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The modern economy has never been more reliant on data. Businesses, governments, and families must navigate the complexities of a world made possible by new technologies and innovative business practices. Without reliable information about the economic and social environment, it is impossible in many instances to make sensible choices. For example, when deciding where to locate distribution centers, stores, and warehouses, the American Community Survey’s (ACS’s) accurate local data have proven invaluable to retailers (Kleinhenz 2015). Researchers know significantly more about the impact of prowork policy reforms in the 1990s due to data from the Bureau of Labor Statistics (BLS)— and are better prepared to advise policy makers on future reforms. Addressing fundamental questions important to families, the ACS aids prospective students in making better college and career choices. Our founding fathers recognized the value of data. James Madison observed that information on agricultural, commercial, and manufacturing interests would enable any legislature to represent the interests of its citizens more effectively. Madison pointed out that this kind of information had never been obtained in any country, and that it would enable the United States to grow (Hutchinson and Rachal 1963).
The federal government has therefore always played a vital role in developing the data that Americans rely on to make well-informed decisions. As mandated in the Constitution, the U.S. Census Bureau enumerates the U.S. population, periodically adjusting congressional and state legislative districts to reflect the changing population distribution. In this respect and in many others, data are often key to the functioning of our republic. Data are required for the proper exercise of citizenship and for holding public officials accountable.
Without accurate information regarding the state of the economy and the effects of public policy, citizens would be unable to make fully informed choices about elected officials and to demand that the government reflects their priorities.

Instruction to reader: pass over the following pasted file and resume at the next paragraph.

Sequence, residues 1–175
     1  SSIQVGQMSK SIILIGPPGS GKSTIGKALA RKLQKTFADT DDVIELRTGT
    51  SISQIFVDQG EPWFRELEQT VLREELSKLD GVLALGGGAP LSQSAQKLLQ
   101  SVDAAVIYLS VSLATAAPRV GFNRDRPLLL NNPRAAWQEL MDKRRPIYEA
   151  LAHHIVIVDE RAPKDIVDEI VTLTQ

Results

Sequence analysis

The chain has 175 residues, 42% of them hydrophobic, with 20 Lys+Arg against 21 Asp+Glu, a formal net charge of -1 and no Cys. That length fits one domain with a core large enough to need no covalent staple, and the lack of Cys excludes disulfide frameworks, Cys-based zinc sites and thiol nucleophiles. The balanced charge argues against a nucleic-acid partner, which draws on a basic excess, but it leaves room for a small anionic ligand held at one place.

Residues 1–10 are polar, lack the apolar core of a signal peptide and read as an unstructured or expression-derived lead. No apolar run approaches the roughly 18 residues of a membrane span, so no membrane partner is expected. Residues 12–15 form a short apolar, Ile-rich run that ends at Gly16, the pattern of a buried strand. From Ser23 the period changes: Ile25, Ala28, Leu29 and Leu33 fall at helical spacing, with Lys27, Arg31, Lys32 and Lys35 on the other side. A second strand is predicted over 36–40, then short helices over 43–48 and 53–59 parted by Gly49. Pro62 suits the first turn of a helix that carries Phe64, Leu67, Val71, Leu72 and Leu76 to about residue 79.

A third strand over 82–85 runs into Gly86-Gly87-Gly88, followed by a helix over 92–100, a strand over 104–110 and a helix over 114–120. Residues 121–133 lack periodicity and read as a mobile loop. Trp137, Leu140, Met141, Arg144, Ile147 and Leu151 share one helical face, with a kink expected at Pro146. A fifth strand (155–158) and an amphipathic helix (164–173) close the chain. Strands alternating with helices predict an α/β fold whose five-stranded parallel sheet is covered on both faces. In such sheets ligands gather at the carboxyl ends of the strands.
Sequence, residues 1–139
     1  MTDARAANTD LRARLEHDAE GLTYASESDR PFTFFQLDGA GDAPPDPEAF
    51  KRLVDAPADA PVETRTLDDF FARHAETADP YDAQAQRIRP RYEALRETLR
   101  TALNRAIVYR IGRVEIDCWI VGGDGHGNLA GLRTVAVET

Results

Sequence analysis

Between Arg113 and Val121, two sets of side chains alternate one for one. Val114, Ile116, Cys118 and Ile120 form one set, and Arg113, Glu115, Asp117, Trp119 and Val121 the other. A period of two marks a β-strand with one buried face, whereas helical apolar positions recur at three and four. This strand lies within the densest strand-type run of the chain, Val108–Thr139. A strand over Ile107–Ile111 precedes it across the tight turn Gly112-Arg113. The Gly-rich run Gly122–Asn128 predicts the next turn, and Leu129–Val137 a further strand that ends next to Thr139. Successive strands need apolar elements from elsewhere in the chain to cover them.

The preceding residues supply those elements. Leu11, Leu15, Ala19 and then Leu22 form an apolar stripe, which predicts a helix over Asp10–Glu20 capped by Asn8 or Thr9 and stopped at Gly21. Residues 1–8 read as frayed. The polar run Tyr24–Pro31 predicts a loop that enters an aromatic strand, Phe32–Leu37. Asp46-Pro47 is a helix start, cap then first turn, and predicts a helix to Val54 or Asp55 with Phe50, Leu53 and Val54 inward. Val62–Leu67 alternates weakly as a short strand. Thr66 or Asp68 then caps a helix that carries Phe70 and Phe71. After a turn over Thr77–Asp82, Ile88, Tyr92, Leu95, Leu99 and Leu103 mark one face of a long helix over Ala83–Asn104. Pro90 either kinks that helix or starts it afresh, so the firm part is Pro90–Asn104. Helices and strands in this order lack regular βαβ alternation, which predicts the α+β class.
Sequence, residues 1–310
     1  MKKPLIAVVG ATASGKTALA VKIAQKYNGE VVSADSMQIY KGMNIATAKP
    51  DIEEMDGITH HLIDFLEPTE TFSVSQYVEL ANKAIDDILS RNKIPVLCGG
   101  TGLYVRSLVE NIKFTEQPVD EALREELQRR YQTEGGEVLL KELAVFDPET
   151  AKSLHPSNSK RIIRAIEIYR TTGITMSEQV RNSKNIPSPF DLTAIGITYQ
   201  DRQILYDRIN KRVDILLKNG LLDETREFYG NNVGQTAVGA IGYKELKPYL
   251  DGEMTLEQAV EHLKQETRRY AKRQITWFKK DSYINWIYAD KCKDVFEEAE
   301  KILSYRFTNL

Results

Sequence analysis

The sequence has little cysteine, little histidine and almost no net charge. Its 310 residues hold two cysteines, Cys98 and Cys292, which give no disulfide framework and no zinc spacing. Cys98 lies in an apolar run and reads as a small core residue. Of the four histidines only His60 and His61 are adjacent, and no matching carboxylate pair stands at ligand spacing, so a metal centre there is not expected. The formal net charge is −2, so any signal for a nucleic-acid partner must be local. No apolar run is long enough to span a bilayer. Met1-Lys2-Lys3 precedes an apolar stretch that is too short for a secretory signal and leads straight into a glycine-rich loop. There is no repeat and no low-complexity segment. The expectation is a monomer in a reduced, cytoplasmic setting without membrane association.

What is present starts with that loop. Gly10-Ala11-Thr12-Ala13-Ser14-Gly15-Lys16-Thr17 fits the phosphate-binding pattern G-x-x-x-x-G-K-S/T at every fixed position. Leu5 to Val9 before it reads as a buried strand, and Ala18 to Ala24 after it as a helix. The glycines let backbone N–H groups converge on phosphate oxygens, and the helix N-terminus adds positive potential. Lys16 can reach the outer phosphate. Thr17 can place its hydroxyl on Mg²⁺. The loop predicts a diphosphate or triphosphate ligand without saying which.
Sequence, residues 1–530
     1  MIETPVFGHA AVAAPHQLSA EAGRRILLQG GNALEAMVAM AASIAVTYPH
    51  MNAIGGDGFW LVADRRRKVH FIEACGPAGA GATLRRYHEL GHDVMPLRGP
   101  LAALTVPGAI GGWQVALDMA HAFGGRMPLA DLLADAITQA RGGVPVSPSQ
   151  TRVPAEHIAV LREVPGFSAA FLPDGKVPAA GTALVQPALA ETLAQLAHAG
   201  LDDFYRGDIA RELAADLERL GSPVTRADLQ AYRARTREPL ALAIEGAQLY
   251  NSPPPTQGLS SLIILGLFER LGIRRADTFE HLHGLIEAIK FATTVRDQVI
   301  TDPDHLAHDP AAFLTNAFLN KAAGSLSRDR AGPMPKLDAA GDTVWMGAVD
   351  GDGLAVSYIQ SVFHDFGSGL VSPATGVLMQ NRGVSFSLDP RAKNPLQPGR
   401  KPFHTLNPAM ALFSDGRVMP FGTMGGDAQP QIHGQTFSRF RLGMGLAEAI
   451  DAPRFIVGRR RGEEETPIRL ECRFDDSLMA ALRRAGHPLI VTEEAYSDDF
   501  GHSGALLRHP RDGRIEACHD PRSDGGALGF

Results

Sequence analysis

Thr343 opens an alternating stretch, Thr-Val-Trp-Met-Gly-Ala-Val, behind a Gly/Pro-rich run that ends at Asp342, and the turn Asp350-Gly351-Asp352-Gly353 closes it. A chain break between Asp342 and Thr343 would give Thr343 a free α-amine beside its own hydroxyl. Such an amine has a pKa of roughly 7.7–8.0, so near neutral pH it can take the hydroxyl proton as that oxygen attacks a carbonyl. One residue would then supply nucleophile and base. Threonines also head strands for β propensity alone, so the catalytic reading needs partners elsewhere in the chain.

Today the decennial census is just one of the useful statistical products made freely available to the public. In areas ranging from the rural economy to energy markets to the labor market, among many others, federal statistical agencies make valuable contributions to the public good of increased knowledge and understanding. In fact, the Bureau of Labor Statistics alone received 36.8 million web page views monthly in 2013 (BLS 2013).
Importantly, the public benefits of statistical reporting come at a relatively small cost. The principal statistical agencies spend only about 0.18 percent of the federal budget (Figure A).
This is slightly lower than its 2004 level (OMB 2004; 2016). Given the increasing importance of data to the modern economy, the additional opportunities to collect and analyze new information, and the need for informed policy making, it is striking that this aggregate cost has remained such a small share of the federal budget. Over the years, the federal statistical agencies have refined a set of practices that ensure the quality and impartiality of its statistical reporting. Because the reports are of such value to the private sector and the public at large, financial markets carefully scrutinize them, reacting quickly to many of the releases. This makes it especially vital that the statistical reports are generated and published in an impartial fashion that puts every user of the data on an equal footing.
To this end, government data are closely scrutinized by nonpolitical, career employees on a “need-to-know” basis, with individual employees often focusing on an isolated part of
the process and unaware of the overall statistical result (Malone 2016; OMB 2000, Circular No. A-130). Government agencies also provide source data for outside experts to review and comment on their methodology (Bureau of Economic Analysis [BEA] 2016a). In the case of the BEA, political appointees have very limited access to the data until after journalists receive them—one hour before the estimates are made public— further ensuring the impartiality of the process (BEA 2016b).
Objective, impartial data collection by federal statistical agencies is vital to informing decisions made by businesses, policy makers, and families. These measurements make it possible to have a productive discussion about the advantages and disadvantages of particular policies, and about the state of the economy. This document demonstrates a portion of the breadth and importance of government statistics to public policy and the economy.
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